According to the Centers for Disease Control and Prevention (CDC) more than 25 million Americans have asthmas. This is 7.7% of adults and 8.4% of children. Asthma has been increasing steadily since the early 1980s in all age, sex and racial groups.
Right now there is no cure for asthma, but it can be managed with proper prevention of asthma attacks and treatment. More Americans than ever before have asthma and its one of this country's most common and costly conditions.
Asthma is defined as a lung disease that causes obstruction of the air passages. It's the result of chronic inflammation, which activates immune cells recruited to the bronchi, which in turn causes swelling and greatly impairs breathing ability.
Asthmatics experience periods of wheezy breathing and breathlessness with periods of relative or complete freedom from symptoms. Allergens or irritating things such as: pollen, animal hair, chemical irritants, smoke and dust can trigger asthma symptoms. Even cold air and exercise can trigger asthmatic episodes.
Oxidative stress has been linked to the development and exacerbation of asthma.
Inflammation is a key component of asthma, and free radicals can increase inflammation in the lungs by activating immune cells and stimulating the production of pro-inflammatory cytokines. Free radicals can also damage lung tissue and airway cells, leading to bronchoconstriction and airway hyperresponsiveness, which are characteristic features of asthma.
Antioxidants, including OPCs, can help counteract oxidative stress by neutralizing free radicals and reducing inflammation.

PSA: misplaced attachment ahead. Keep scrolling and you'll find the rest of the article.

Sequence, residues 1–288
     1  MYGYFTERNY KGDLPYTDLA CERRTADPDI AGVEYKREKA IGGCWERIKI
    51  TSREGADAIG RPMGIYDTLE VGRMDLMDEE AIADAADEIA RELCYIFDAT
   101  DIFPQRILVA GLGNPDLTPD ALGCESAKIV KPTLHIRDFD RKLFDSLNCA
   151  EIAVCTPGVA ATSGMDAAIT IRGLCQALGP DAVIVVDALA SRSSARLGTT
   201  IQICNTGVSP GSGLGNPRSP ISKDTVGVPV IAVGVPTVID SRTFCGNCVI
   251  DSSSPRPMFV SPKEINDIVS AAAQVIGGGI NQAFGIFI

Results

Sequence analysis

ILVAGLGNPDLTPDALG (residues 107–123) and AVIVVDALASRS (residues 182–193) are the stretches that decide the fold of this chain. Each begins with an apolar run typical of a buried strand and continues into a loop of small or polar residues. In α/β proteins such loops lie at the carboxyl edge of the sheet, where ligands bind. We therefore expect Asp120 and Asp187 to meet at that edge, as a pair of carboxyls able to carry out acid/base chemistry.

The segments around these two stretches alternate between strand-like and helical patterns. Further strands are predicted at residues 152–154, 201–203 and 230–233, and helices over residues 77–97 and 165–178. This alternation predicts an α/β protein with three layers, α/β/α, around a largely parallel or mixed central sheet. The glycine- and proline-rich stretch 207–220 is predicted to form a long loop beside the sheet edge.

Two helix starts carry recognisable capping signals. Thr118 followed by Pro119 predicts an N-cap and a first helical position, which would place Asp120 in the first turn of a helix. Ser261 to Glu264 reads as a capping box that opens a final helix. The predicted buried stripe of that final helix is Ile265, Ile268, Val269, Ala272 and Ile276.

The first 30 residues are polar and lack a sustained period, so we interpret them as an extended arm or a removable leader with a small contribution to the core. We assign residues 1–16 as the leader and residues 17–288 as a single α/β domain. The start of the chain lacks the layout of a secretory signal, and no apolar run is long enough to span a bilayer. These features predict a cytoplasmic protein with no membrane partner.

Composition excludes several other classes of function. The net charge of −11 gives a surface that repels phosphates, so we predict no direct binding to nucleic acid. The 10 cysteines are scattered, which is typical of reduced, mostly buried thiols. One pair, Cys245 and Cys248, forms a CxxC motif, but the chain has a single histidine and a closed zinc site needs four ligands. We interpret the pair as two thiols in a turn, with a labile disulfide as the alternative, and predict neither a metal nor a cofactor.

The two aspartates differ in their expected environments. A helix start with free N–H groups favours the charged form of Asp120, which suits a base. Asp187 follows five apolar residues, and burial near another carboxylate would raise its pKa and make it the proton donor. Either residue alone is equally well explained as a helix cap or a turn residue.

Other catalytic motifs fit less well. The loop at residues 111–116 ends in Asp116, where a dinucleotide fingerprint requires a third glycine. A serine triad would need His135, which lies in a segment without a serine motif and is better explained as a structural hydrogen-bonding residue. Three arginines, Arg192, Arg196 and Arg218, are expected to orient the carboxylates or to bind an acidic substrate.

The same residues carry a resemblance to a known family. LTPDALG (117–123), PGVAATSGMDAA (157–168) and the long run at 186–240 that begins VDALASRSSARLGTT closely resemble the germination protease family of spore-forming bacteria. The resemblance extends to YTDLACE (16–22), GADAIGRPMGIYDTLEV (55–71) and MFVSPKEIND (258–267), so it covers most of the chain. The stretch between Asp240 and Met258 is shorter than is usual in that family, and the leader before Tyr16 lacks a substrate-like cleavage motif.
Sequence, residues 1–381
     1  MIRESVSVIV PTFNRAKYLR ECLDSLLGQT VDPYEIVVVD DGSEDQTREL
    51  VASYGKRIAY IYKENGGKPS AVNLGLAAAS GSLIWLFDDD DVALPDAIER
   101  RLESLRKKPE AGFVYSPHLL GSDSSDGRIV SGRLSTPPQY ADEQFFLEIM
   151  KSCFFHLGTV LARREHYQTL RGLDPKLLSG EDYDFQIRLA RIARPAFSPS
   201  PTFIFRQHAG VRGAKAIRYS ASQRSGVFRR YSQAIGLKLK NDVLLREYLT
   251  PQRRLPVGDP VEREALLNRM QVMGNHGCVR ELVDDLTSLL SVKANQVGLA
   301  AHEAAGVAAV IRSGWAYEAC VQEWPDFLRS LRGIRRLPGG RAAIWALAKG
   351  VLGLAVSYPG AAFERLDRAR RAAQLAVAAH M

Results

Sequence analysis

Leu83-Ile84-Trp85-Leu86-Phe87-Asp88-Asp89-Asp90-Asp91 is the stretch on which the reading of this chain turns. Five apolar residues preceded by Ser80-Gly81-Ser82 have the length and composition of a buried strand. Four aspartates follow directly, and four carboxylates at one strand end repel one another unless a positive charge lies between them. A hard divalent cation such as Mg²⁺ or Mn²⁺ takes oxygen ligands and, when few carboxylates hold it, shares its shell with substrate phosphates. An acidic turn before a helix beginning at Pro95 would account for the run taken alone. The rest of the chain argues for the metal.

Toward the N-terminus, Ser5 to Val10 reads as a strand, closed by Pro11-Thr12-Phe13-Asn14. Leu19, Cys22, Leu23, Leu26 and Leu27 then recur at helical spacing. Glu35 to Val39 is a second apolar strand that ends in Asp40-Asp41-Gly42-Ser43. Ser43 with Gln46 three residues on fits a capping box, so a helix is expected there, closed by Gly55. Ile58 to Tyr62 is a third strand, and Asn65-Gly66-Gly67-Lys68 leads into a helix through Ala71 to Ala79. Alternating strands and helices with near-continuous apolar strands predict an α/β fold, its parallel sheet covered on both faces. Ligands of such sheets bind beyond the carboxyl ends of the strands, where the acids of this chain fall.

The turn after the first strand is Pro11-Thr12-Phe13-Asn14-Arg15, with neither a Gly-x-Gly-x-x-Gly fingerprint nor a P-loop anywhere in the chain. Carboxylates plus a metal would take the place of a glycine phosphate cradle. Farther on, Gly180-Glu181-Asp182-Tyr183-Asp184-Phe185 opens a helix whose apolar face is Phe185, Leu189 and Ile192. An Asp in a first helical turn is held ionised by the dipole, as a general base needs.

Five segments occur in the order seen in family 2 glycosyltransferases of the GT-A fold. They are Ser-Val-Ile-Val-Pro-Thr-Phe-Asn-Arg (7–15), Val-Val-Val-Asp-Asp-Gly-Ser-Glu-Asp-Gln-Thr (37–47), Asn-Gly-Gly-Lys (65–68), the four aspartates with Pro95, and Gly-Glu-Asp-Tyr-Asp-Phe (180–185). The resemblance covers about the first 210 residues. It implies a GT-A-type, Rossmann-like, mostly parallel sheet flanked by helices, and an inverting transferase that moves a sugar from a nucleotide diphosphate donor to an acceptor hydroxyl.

A few studies with pine bark extract against asthma have been conducted. In a 2004 study, asthmatic children supplementing with pine bark extract showed a significant reduction of inflammatory mediators that cause the inflammation and bronchi constriction that are commonly associated with asthma.
Pine park extract also improved pulmonary function (how well the lungs are working) and significantly decreased asthma symptoms AND dramatically lowered the need for people to use their rescue inhalers with albuterol.
Pine barks antioxidant activity and powerful anti-inflammatory properties work well to sooth the irritation that causes the bronchi to constrict and swell, making breathing difficult.
In the study breathing improved after only one month and continued with consistent supplementation of pine bark. The severity of asthmatic symptoms also decreased, as well as the reliance on a rescue inhaler.
A 2013 study published in the Journal of Research in Medical Sciences found that supplementation with grape seed extract, which is a rich source of OPCs, improved lung function and reduced asthma symptoms in people with mild-to-moderate asthma.
While more research is needed to fully understand the effects of oxidative stress on asthma and the potential benefits of antioxidant supplements, it is clear that oxidative stress plays a role in the development and exacerbation of asthma. Incorporating antioxidant-rich foods and supplements, such as OPCs, into a healthy diet may have potential benefits for managing asthma symptoms and reducing the risk of complications associated with the condition.